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Land-locked on November 11, 2012.

On Thursday this week, while I was busy noshing upon my biggest jar of pickled moose synapse, the evening news announced a massive disaster in Ungabuganda, a country no one cared about and fewer had even heard of. Not even the barefoot and pantsless peasants of Ungabuganda cared a single whit about news from the tiny, land-locked country, it turned out, as the only evidence of the natural disaster came from outside sources that heard the explosion and saw the ensuing fireball from miles away.

Naturally, I too had never heard of Ungabuganda. Scurrying to my bookshelf I fetched my hardbound copy of Wikipedia—the free encyclopedia that even an epileptic suffering a grand mal seizure can edit—and looked up the exotic-sounding nation-state. Naturally, Wikipedia had an entry on it, and it was full of text. Intriguingly, some of the text was even factual.

According to Wikipedia, the tiny, water-logged nation of Ungabuganda had been founded early in the nineteenth century, but no one was sure exactly when—nor did anyone really care about that, either. It was a year that virtually no one had ever heard of, reportedly between 1824 and 1827. Historians had a vague notion that this year had in fact taken place, but physical evidence was spotty and scarce, and certainly no one outside the academic community was aware of it at all. Most chronologies just skipped over it in the interest of brevity.

Regardless of the confusion over when it all happened, how Ungabuganda became an independent nation-state was quite well known: Just as the United States celebrates the signing of the Declaration of Independence on July 4, the Soviet Union marks its revolutionary foundations on November 7, etc., Ungabuganda’s thousands of pantsless peasants gather together on June 16 in order to celebrate the day that their forefathers revolted and kicked the last of the British out of their tiny, land-locked nation and then cobbled together their very own constitution out of twigs, sticks, and mule manure (the country’s biggest export). All four fathers being quite illiterate, the Ungabugandan constitution was notably concise: It consisted solely of four Xs crudely carved into the manure (with the twigs) and the face print of one sans-culotte who had had a few too many tots of grog celebrating his country’s newfound independence.

Omitted from the official history of course is that the “last of the British” were nothing more than three hapless tourists who had wandered together into Ungabungabugandabunga, the capital hamlet, that they were in truth the only Britons to ever set foot in Ungabuganda, and that the British Empire had never in its long history even heard of the tiny, malaria-ridden country. It was long rumored that when King George III was once asked by a certain Lord Bute if he had ever considered extending his reign over the obscure tribe of the Ungabugandō, His Majesty had responded with such an extended bout of mirth and merry laughter that he thenceforth and forevermore was suspected of being slightly mad.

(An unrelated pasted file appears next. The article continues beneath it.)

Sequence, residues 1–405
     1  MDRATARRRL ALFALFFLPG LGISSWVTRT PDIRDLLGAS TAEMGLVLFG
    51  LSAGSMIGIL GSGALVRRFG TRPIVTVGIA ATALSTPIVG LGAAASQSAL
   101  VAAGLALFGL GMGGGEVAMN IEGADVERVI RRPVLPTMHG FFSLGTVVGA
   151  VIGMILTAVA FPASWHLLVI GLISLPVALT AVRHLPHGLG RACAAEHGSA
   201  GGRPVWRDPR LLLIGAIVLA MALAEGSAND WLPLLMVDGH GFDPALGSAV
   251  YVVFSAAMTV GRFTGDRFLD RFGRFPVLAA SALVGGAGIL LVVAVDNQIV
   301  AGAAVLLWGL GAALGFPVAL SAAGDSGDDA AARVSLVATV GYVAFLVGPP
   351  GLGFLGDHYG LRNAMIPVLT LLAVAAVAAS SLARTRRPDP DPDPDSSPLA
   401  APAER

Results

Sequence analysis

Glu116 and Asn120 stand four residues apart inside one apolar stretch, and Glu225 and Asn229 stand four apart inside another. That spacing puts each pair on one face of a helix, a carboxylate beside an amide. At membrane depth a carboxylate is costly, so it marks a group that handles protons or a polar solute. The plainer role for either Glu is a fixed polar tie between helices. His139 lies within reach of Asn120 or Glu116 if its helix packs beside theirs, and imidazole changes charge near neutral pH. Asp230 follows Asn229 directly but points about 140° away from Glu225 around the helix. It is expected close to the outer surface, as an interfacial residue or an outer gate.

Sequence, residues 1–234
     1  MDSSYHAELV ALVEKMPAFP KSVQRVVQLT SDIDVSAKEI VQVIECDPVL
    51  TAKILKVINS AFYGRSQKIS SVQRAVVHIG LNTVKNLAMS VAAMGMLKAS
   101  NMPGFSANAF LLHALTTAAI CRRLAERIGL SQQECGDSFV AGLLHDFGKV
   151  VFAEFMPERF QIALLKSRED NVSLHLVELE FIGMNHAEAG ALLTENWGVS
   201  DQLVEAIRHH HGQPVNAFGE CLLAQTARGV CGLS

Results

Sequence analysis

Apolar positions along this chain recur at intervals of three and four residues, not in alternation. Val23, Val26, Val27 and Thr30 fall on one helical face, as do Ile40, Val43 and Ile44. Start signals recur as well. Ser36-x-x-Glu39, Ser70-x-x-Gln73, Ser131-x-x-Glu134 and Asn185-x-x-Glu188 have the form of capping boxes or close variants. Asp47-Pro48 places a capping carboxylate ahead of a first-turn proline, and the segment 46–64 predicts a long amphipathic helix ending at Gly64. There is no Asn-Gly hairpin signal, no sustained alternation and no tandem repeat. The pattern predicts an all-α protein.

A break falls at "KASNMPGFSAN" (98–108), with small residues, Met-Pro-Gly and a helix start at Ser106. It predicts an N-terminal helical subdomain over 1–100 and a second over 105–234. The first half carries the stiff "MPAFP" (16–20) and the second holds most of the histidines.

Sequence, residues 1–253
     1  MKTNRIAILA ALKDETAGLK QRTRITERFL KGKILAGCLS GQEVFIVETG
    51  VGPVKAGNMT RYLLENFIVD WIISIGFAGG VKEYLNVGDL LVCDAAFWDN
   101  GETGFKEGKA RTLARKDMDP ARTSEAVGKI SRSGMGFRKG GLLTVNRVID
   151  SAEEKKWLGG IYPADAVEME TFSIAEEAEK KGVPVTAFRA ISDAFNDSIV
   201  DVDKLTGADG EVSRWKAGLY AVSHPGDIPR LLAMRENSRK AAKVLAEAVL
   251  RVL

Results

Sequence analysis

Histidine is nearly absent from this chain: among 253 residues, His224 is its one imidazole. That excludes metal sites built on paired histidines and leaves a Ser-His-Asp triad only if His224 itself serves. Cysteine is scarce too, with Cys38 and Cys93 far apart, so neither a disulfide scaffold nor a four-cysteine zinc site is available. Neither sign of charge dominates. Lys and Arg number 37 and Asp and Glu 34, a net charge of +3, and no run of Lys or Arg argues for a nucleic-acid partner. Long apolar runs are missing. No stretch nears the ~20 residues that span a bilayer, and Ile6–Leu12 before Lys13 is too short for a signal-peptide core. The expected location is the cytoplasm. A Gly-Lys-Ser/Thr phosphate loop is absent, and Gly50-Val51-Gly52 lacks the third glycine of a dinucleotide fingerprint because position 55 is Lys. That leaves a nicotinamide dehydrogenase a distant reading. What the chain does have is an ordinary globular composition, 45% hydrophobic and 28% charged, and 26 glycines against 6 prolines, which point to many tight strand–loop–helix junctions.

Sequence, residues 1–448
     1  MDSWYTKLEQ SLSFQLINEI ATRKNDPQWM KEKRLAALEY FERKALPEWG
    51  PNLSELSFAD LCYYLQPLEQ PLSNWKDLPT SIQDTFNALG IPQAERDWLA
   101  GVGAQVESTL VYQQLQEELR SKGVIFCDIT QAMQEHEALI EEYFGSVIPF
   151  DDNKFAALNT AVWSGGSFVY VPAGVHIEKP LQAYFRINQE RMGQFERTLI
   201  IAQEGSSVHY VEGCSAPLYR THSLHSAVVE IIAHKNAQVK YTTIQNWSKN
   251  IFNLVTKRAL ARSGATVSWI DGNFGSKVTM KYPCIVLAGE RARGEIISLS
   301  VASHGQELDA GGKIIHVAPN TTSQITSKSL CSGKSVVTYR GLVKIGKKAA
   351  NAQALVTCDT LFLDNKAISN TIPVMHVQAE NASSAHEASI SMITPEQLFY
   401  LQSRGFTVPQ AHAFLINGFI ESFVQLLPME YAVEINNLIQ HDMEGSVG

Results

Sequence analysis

The rest, they say, is history.

I closed Wikipedia, sated with knowledge. Knowing is half the battle, after all, and knowing that fact fills in another half of half of the battle. Naturally I knew all of that too, and thus I asymptotically approached 100% of the battle (although I knew I would never get there). I shuddered as memories of the ship Zeno’s Paradox and her clutch of Silesian Shipping Gnomes popped into my addlepated little mind. My stomach rumbled unpleasantly: I pondered if perhaps I shouldn’t be eating this entire jar of pickled moose synapse, glass jar and all. But then, emitting my most plosive and dismissive bilabial trill, I plunged my hand deep within the jar and pulled out another handful of spongy, pinkish-white moose synapse. Stomach be damned, I had some moose synapse and glass to eat!

As I turned back to my boob tube, the frippant news anchor was explaining that Ungabungabugandabunga, the capital—to call it a hamlet would be to overestimate its size and importance, for it was really nothing but a large and steaming manure heap along the single mud road that bisected Ungabuganda—had been completely destroyed in the disaster. The free encyclopedia had claimed that the only positive thing that could ever be said about Ungabungabugandabunga was the directness of its name: Anyone who spoke Ungabugandanese (and there were none) would immediately know from its name that the spot was nothing but a “steaming stink-pile on road” and thus know to avoid it entirely.

Fortunately, Ungabungabugandabunga was gone now, so it no longer needed to be avoided. I considered editing the Wikipedia entry to remove all references to the place, but I knew that the teeming hordes of Wikipedia deletionists would surely beat me to it.

Back on my boob-ridden tube, the reporter was explaining that, amazingly, no one had been hurt or killed when disaster struck Ungabungabugandabunga, as no one actually lived there. The only casualty had been the flatulent mule that had caused the disaster itself. But I didn’t care anymore, as I had moved on to bigger and better things: My second jar of pickled moose synapse!

[Feetnote: And don’t forget now, kiddies: Eleven, eleven… eleven!]